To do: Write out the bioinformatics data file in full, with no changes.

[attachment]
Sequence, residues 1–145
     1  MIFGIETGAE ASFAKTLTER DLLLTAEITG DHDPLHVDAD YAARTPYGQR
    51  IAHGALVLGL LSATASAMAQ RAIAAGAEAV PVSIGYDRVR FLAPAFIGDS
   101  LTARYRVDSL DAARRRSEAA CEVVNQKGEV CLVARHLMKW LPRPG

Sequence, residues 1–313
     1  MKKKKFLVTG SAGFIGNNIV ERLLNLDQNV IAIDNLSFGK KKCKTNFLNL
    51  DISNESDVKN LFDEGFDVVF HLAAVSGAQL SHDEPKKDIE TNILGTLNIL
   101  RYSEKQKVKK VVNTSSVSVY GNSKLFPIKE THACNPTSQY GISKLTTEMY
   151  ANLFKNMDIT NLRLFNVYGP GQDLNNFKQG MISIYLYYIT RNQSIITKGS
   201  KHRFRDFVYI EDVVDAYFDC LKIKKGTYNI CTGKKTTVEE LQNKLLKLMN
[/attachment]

Sequence, residues 1–145
     1  MIFGIETGAE ASFAKTLTER DLLLTAEITG DHDPLHVDAD YAARTPYGQR
    51  IAHGALVLGL LSATASAMAQ RAIAAGAEAV PVSIGYDRVR FLAPAFIGDS
   101  LTARYRVDSL DAARRRSEAA CEVVNQKGEV CLVARHLMKW LPRPG

Sequence, residues 1–313
     1  MKKKKFLVTG SAGFIGNNIV ERLLNLDQNV IAIDNLSFGK KKCKTNFLNL
    51  DISNESDVKN LFDEGFDVVF HLAAVSGAQL SHDEPKKDIE TNILGTLNIL
   101  RYSEKQKVKK VVNTSSVSVY GNSKLFPIKE THACNPTSQY GISKLTTEMY
   151  ANLFKNMDIT NLRLFNVYGP GQDLNNFKQG MISIYLYYIT RNQSIITKGS
   201  KHRFRDFVYI EDVVDAYFDC LKIKKGTYNI CTGKKTTVEE LQNKLLKLMN